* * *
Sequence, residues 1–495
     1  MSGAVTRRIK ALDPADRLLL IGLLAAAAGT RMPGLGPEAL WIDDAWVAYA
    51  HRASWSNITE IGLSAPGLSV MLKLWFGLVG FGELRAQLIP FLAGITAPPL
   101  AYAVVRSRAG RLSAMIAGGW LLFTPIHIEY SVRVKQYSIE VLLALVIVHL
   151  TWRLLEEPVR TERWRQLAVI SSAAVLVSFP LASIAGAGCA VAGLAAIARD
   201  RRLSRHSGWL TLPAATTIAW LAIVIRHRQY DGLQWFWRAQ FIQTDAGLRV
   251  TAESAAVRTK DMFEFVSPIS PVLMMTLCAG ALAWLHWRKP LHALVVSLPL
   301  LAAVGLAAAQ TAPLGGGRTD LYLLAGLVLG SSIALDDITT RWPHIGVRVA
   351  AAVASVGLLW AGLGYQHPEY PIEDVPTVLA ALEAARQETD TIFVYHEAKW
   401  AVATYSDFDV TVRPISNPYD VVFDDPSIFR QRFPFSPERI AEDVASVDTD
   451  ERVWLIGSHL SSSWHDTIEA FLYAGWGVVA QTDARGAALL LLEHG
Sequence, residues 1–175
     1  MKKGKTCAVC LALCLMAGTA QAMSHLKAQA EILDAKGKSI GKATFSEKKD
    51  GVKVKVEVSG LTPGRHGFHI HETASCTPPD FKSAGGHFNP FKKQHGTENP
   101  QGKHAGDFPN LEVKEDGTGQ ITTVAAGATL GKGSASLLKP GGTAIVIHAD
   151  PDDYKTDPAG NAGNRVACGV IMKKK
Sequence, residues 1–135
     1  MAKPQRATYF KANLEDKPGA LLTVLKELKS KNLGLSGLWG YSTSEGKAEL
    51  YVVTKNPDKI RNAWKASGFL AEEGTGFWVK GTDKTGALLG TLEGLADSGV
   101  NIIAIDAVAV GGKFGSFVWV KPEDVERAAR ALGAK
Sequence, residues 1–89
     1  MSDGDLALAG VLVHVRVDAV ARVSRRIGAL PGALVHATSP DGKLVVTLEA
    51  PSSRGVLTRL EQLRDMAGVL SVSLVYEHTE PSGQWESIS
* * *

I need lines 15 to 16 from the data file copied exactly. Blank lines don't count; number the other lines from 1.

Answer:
   101  QGKHAGDFPN LEVKEDGTGQ ITTVAAGATL GKGSASLLKP GGTAIVIHAD
   151  PDDYKTDPAG NAGNRVACGV IMKKK